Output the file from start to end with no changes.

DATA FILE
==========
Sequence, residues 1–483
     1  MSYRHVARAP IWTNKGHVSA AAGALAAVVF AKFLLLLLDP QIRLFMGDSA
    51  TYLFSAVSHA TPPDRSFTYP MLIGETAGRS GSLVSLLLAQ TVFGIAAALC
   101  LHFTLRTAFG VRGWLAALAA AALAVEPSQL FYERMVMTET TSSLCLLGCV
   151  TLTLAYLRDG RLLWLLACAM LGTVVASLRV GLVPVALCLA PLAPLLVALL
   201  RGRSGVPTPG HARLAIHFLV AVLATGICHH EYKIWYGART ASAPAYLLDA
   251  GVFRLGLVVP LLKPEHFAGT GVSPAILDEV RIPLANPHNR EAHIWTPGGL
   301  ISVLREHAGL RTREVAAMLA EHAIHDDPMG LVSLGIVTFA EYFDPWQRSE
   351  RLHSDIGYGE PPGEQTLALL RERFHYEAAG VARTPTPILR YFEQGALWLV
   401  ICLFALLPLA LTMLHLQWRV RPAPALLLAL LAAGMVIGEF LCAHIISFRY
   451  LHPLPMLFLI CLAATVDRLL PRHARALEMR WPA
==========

Sequence, residues 1–483
     1  MSYRHVARAP IWTNKGHVSA AAGALAAVVF AKFLLLLLDP QIRLFMGDSA
    51  TYLFSAVSHA TPPDRSFTYP MLIGETAGRS GSLVSLLLAQ TVFGIAAALC
   101  LHFTLRTAFG VRGWLAALAA AALAVEPSQL FYERMVMTET TSSLCLLGCV
   151  TLTLAYLRDG RLLWLLACAM LGTVVASLRV GLVPVALCLA PLAPLLVALL
   201  RGRSGVPTPG HARLAIHFLV AVLATGICHH EYKIWYGART ASAPAYLLDA
   251  GVFRLGLVVP LLKPEHFAGT GVSPAILDEV RIPLANPHNR EAHIWTPGGL
   301  ISVLREHAGL RTREVAAMLA EHAIHDDPMG LVSLGIVTFA EYFDPWQRSE
   351  RLHSDIGYGE PPGEQTLALL RERFHYEAAG VARTPTPILR YFEQGALWLV
   401  ICLFALLPLA LTMLHLQWRV RPAPALLLAL LAAGMVIGEF LCAHIISFRY
   451  LHPLPMLFLI CLAATVDRLL PRHARALEMR WPA